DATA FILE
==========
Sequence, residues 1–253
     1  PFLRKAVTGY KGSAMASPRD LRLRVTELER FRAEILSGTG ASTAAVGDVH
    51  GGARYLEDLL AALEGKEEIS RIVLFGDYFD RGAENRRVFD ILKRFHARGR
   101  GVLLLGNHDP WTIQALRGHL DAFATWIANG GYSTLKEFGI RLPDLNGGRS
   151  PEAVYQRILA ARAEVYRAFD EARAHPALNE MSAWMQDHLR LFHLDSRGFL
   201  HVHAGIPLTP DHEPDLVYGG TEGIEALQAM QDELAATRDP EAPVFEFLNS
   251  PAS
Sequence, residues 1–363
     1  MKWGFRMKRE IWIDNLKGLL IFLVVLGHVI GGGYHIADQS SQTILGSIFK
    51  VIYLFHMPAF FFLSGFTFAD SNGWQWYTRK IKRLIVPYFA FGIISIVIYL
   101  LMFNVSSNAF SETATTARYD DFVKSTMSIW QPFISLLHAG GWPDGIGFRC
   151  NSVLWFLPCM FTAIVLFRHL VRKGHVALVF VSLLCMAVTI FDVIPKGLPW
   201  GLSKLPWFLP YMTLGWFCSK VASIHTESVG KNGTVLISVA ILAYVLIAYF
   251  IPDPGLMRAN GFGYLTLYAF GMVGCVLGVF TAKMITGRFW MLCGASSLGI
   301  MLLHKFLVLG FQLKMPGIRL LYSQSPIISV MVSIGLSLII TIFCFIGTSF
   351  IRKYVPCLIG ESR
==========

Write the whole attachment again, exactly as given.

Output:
Sequence, residues 1–253
     1  PFLRKAVTGY KGSAMASPRD LRLRVTELER FRAEILSGTG ASTAAVGDVH
    51  GGARYLEDLL AALEGKEEIS RIVLFGDYFD RGAENRRVFD ILKRFHARGR
   101  GVLLLGNHDP WTIQALRGHL DAFATWIANG GYSTLKEFGI RLPDLNGGRS
   151  PEAVYQRILA ARAEVYRAFD EARAHPALNE MSAWMQDHLR LFHLDSRGFL
   201  HVHAGIPLTP DHEPDLVYGG TEGIEALQAM QDELAATRDP EAPVFEFLNS
   251  PAS
Sequence, residues 1–363
     1  MKWGFRMKRE IWIDNLKGLL IFLVVLGHVI GGGYHIADQS SQTILGSIFK
    51  VIYLFHMPAF FFLSGFTFAD SNGWQWYTRK IKRLIVPYFA FGIISIVIYL
   101  LMFNVSSNAF SETATTARYD DFVKSTMSIW QPFISLLHAG GWPDGIGFRC
   151  NSVLWFLPCM FTAIVLFRHL VRKGHVALVF VSLLCMAVTI FDVIPKGLPW
   201  GLSKLPWFLP YMTLGWFCSK VASIHTESVG KNGTVLISVA ILAYVLIAYF
   251  IPDPGLMRAN GFGYLTLYAF GMVGCVLGVF TAKMITGRFW MLCGASSLGI
   301  MLLHKFLVLG FQLKMPGIRL LYSQSPIISV MVSIGLSLII TIFCFIGTSF
   351  IRKYVPCLIG ESR